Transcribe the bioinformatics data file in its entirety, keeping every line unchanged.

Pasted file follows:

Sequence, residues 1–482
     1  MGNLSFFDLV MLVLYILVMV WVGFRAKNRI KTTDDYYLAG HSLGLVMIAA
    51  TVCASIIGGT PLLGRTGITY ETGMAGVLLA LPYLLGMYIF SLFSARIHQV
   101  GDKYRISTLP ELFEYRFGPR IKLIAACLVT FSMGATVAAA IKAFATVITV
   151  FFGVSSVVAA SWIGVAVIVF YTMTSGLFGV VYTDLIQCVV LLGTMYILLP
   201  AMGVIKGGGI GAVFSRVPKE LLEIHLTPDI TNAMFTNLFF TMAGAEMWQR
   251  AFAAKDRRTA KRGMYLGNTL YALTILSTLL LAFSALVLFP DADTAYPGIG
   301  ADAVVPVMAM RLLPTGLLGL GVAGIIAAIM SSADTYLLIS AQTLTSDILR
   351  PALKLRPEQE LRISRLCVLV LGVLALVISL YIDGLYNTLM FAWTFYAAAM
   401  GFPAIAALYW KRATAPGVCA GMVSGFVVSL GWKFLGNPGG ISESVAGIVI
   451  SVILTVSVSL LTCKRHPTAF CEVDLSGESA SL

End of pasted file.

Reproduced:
Sequence, residues 1–482
     1  MGNLSFFDLV MLVLYILVMV WVGFRAKNRI KTTDDYYLAG HSLGLVMIAA
    51  TVCASIIGGT PLLGRTGITY ETGMAGVLLA LPYLLGMYIF SLFSARIHQV
   101  GDKYRISTLP ELFEYRFGPR IKLIAACLVT FSMGATVAAA IKAFATVITV
   151  FFGVSSVVAA SWIGVAVIVF YTMTSGLFGV VYTDLIQCVV LLGTMYILLP
   201  AMGVIKGGGI GAVFSRVPKE LLEIHLTPDI TNAMFTNLFF TMAGAEMWQR
   251  AFAAKDRRTA KRGMYLGNTL YALTILSTLL LAFSALVLFP DADTAYPGIG
   301  ADAVVPVMAM RLLPTGLLGL GVAGIIAAIM SSADTYLLIS AQTLTSDILR
   351  PALKLRPEQE LRISRLCVLV LGVLALVISL YIDGLYNTLM FAWTFYAAAM
   401  GFPAIAALYW KRATAPGVCA GMVSGFVVSL GWKFLGNPGG ISESVAGIVI
   451  SVILTVSVSL LTCKRHPTAF CEVDLSGESA SL